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Scientists make space history with first intervenusian asteroid ever found

Asteroid 2020 AV2, a true space oddity, orbits entirely between the sun and Venus.

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Amanda Kooser
Freelance writer Amanda C. Kooser covers gadgets and tech news with a twist for CNET. When not wallowing in weird gear and iPad apps for cats, she can be found tinkering with her 1956 DeSoto.
Amanda Kooser
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The Virtual Telescope Project caught sight of the first-known intervenusian asteroid, 2020 AV2. The arrow points to the asteroid.

Gianluca Masi/Virtual Telescope Project

The Virtual Telescope Project's image of asteroid 2020 AV2 isn't much of a looker, but the small dot pointed out by an arrow is a big new discovery. It's the first known intervenusian asteroid, a space rock that travels around the sun entirely within the orbit of Venus. 

This makes 2020 AV2 the first Vatira-class asteroid on the books. It's hard enough to spot asteroids that orbit between the Earth and the sun, and even tougher to find ones inside the orbit of Venus, the second closest planet to our star. 

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This orbital diagram shows 2020 AV2 as the white circle. The blue line represents Earth and the purple line represents the orbit of Venus. Pink is Mercury.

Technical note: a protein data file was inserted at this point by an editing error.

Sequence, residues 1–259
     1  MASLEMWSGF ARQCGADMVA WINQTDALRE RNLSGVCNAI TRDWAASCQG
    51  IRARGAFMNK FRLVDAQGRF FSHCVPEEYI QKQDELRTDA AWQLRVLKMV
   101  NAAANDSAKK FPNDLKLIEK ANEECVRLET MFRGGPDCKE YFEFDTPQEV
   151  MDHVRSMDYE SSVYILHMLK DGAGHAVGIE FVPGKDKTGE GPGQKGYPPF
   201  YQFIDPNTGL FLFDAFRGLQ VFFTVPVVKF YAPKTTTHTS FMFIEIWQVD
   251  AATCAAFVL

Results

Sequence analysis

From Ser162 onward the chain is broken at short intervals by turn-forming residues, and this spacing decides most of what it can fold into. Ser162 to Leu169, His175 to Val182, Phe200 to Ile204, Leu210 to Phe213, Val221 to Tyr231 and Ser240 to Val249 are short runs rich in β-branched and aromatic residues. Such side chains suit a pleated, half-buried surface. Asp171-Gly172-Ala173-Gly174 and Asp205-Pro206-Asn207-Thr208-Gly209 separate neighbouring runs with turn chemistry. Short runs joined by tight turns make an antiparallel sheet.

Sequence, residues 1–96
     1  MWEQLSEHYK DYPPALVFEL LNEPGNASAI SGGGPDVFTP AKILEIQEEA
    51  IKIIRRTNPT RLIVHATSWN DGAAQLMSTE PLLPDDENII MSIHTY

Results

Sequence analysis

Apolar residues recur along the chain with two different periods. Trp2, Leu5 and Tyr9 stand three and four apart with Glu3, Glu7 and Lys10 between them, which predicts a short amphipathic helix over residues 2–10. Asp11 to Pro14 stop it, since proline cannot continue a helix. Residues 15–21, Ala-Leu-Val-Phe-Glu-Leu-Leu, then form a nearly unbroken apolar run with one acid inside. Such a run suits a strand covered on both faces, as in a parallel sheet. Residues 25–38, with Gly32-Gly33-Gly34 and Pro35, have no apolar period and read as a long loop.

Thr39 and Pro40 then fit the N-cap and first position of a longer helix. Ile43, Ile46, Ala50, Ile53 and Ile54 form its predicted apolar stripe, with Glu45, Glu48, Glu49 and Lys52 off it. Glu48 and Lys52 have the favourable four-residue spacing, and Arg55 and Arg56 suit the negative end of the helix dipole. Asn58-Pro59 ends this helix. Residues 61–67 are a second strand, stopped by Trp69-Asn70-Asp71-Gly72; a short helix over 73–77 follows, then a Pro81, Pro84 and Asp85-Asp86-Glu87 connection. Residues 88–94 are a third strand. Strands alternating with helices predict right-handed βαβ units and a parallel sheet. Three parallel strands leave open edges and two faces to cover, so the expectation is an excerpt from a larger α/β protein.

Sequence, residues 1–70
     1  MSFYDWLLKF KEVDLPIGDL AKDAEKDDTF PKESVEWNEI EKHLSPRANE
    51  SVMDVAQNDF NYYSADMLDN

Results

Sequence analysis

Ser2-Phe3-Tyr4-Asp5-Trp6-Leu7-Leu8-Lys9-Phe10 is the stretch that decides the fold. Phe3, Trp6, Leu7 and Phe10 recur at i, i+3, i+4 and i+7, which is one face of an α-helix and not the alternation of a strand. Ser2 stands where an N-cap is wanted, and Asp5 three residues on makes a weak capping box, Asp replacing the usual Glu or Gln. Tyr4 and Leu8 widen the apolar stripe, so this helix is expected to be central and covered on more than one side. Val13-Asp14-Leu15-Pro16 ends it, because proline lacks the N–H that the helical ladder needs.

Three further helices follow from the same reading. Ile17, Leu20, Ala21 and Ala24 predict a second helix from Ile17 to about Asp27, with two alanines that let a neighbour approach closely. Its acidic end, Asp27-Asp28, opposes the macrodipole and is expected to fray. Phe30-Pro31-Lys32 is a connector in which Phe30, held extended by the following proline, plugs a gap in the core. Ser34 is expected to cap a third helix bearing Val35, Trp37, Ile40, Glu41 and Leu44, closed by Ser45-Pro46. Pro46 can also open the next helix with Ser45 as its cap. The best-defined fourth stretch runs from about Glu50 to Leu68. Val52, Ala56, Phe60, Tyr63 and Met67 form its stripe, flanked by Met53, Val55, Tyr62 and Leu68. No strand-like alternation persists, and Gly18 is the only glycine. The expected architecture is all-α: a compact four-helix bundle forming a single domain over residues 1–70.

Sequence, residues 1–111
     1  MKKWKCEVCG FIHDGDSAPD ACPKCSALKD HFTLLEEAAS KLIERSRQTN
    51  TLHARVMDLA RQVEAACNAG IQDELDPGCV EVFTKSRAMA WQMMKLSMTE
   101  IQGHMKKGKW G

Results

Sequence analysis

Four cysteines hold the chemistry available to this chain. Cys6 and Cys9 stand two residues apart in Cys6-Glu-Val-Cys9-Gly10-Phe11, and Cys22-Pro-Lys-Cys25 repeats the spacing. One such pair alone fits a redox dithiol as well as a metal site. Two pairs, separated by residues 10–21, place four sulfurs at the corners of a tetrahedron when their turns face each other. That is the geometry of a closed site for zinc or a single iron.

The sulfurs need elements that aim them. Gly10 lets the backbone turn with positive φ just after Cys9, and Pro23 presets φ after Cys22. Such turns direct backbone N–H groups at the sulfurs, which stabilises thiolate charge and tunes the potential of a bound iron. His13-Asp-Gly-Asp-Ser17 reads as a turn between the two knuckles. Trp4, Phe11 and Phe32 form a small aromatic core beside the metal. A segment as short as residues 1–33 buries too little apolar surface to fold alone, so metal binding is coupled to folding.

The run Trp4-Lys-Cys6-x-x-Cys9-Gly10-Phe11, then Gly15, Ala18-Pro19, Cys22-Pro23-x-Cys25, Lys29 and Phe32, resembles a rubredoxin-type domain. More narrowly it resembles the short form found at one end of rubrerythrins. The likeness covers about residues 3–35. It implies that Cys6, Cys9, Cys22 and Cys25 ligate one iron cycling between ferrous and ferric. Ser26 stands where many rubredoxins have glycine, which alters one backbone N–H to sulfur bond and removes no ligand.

NASA/JPL

The Zwicky Transient Facility (ZTF) survey program operating at the Palomar Observatory in California had been looking for asteroids within Earth's orbit when it spotted the unusual asteroid. The International Astronomical Union's Minor Planet Center officially designated it "2020 AV2" this week. 

Virtual Telescope Project astronomer Gianluca Masi went on a hunt to help confirm the elusive asteroid and managed to capture an image of it. In a statement on Thursday, Masi discussed why it's so hard to spot asteroids within Earth's orbit (of which only 21 are currently known): 

"Ask yourself: how many times have I seen Jupiter? How many times have I seen Mercury? Very likely, you saw the former much more often than the latter. Why? Because Mercury's orbit is well inside that of the Earth, so you can see the innermost planet only at dusk, low on the horizon and for a short time." Now imagine trying to spot a much smaller asteroid under those conditions. 

Astronomers had been expecting to find an intervenusian asteroid. A paper published in the journal Research Notes of the AAS in July 2019 suggested a Vatira-class rock may be discovered soon. Good timing. That dream has now come true.

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